The Bad Bride Diaries: What’s In A Name?

There are several stages of being engaged that make you consider murdering everybody around you. Or I did anyway. When I was first engaged, I found the initial stage very peculiar and often quite uncomfortable; something that I hadn’t expected. I was delighted to be engaged, of course, but as somebody who finds small talk a challenge at the best of times, the parade of well-wishers became quite daunting. It’s lovely to be congratulated, and I did get some entertainment from the ring reactions (mine is not a classic engagement ring and people either love it, or clearly think it’s awful and struggle to make polite face), but the bit I found made me want to scream was the sudden insistence on referring to me as ‘Mrs Whitney-To-Be’ or something of that kind. Cue awkward laughing from me and having to say that, actually, I’m not going to be a Whitney. Or Mrs, actually. At that point I hadn’t decided if I was keeping my name, or double-barrelling, but dropping Elsmere totally was never going to happen, and I’ve known from the start I’m going to keep using Ms.

Luckily, that phase fizzled out quickly and people managed to remember my name again. The name conversation kept happening though, and it’s been an odd experience. Once I settled on double-barrelling, people seemed satisfied with that answer to what my new name will be, but instead I found married women who had changed their names suddenly wanted to justify it to me, as though I would think them unfeminist for doing so. Names are very personal, and I honestly don’t care what other people choose to do. I just know my name and title were important to me and I wanted to keep them.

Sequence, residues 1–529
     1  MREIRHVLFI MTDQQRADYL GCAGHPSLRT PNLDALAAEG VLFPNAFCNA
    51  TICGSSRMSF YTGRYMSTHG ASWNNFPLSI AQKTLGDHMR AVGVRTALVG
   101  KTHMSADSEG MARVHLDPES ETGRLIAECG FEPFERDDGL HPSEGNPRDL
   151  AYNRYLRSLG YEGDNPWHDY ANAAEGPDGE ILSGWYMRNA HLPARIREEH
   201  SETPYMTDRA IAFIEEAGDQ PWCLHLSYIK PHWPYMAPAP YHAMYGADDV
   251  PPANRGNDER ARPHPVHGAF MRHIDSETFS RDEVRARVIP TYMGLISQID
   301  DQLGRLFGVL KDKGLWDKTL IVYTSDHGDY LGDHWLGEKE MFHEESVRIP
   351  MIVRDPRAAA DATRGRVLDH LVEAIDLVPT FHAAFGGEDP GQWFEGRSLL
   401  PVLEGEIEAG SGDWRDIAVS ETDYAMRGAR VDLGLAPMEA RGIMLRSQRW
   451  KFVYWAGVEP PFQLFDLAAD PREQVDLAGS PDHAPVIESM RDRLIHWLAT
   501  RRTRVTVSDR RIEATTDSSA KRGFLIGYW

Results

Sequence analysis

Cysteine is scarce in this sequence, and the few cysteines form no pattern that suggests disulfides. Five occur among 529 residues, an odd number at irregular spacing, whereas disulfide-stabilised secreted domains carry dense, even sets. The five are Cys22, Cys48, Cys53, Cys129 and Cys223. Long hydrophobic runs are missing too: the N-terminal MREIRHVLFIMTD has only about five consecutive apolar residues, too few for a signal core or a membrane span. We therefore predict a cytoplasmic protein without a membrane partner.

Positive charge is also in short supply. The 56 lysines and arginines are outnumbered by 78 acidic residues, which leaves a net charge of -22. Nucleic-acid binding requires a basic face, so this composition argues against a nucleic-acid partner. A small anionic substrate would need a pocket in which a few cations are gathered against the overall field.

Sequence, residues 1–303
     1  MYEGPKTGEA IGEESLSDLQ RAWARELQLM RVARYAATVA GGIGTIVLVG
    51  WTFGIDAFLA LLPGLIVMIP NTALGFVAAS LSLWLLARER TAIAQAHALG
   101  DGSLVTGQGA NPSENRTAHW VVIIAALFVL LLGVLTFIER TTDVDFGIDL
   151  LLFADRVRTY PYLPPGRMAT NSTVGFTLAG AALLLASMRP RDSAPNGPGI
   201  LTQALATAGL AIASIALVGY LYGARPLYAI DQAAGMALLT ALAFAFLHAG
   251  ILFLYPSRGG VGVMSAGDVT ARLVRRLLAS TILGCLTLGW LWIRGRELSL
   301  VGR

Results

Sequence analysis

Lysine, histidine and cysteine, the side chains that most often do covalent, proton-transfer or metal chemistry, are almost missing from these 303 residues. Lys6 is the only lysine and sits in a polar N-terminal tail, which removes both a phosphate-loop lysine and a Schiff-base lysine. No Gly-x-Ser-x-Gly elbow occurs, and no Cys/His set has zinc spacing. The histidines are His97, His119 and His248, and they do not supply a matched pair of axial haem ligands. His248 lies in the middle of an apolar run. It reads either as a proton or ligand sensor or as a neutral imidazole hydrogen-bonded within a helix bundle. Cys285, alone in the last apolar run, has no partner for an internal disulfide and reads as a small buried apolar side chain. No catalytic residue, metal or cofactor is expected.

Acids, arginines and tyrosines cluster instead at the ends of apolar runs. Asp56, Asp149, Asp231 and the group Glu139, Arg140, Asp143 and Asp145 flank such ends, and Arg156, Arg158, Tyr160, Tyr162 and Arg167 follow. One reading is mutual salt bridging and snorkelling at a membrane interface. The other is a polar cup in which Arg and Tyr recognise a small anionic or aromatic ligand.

Because I am one of those people who loves to research everything, I had a quick google to see what you actually have to do in order to change your name after you get hitched. The answer was honestly baffling.

As a straight couple, if I was to become Mrs Whitney, that’s pretty easy. All I need to do is send off my marriage certificate to the relevant people (the DVLA, the bank, etc.) and that’s it. No legal wrangling required. But from there is where it gets weird. Any other route; going double-barrelled, both going double-barrelled, or Dave taking my name means paying to change names via Deed Poll. It’s mad. Why couldn’t Dave just send off our marriage certificate if he wanted to be an Elsmere? And why is just adding my husband’s name after mine a Deed Poll thing, but if I wanted to change to his name totally, that’s fine? The system is clearly pretty outdated, as more and more couples are opting to go down a different route and double-barrel or even blend their surnames. I think it’s time the system caught up and it was made easier to do that.

Top tip though, if like Dave and I, you’re both planning to double-barrel, the groom could change his name via Deed Poll before the wedding, and then the bride can just go down the marriage certificate route to change hers afterwards. That saves you paying for two Deed Polls.

For some sex couples, one partner can take the others names just by sending off the marriage certificate, but blending or double-barrelling is a Deed Poll task again.